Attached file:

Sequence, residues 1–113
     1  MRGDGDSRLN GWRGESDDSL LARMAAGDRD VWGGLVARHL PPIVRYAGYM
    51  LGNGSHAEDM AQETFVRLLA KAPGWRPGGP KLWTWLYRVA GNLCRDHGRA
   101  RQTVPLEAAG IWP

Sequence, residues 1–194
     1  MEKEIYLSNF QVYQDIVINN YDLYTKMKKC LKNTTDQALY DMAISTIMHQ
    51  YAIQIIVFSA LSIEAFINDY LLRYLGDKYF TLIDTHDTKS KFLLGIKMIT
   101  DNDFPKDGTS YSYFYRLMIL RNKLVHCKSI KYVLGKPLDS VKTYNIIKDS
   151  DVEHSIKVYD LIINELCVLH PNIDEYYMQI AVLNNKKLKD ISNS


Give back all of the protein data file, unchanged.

Sequence, residues 1–113
     1  MRGDGDSRLN GWRGESDDSL LARMAAGDRD VWGGLVARHL PPIVRYAGYM
    51  LGNGSHAEDM AQETFVRLLA KAPGWRPGGP KLWTWLYRVA GNLCRDHGRA
   101  RQTVPLEAAG IWP

Sequence, residues 1–194
     1  MEKEIYLSNF QVYQDIVINN YDLYTKMKKC LKNTTDQALY DMAISTIMHQ
    51  YAIQIIVFSA LSIEAFINDY LLRYLGDKYF TLIDTHDTKS KFLLGIKMIT
   101  DNDFPKDGTS YSYFYRLMIL RNKLVHCKSI KYVLGKPLDS VKTYNIIKDS
   151  DVEHSIKVYD LIINELCVLH PNIDEYYMQI AVLNNKKLKD ISNS